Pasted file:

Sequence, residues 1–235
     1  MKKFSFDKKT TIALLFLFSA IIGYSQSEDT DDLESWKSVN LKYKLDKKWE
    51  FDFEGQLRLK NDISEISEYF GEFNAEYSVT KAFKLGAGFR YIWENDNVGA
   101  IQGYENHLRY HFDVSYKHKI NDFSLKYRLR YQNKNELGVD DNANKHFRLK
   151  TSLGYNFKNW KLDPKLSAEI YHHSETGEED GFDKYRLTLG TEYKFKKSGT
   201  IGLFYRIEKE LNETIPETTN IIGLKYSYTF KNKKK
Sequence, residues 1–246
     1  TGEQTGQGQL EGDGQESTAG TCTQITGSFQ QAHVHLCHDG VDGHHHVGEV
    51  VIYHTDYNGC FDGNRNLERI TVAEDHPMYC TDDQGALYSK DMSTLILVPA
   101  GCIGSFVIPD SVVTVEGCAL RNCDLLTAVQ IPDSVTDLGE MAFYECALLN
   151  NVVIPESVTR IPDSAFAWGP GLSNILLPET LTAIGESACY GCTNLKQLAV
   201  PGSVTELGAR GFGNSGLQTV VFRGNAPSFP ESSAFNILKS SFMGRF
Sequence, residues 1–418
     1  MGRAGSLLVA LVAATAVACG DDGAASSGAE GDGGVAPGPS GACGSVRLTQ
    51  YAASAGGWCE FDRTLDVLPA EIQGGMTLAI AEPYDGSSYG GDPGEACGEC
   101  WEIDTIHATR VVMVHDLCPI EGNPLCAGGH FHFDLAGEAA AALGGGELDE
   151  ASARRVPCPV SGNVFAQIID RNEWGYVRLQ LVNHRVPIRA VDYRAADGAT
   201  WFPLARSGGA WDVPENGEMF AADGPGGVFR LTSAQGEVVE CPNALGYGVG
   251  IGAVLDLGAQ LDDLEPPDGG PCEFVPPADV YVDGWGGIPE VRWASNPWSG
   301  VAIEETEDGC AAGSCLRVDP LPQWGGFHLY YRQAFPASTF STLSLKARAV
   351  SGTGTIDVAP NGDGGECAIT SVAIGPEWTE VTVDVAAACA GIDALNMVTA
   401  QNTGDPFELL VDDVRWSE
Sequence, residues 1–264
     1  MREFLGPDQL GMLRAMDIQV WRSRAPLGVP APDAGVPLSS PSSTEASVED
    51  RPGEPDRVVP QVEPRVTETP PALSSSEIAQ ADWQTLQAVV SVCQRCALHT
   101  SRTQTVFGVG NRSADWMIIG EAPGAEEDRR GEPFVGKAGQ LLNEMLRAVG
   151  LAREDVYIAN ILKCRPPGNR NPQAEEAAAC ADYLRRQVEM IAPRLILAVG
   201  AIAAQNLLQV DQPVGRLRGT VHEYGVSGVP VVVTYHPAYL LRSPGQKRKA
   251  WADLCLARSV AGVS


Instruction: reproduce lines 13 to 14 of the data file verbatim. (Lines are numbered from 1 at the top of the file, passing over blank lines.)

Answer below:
Sequence, residues 1–418
     1  MGRAGSLLVA LVAATAVACG DDGAASSGAE GDGGVAPGPS GACGSVRLTQ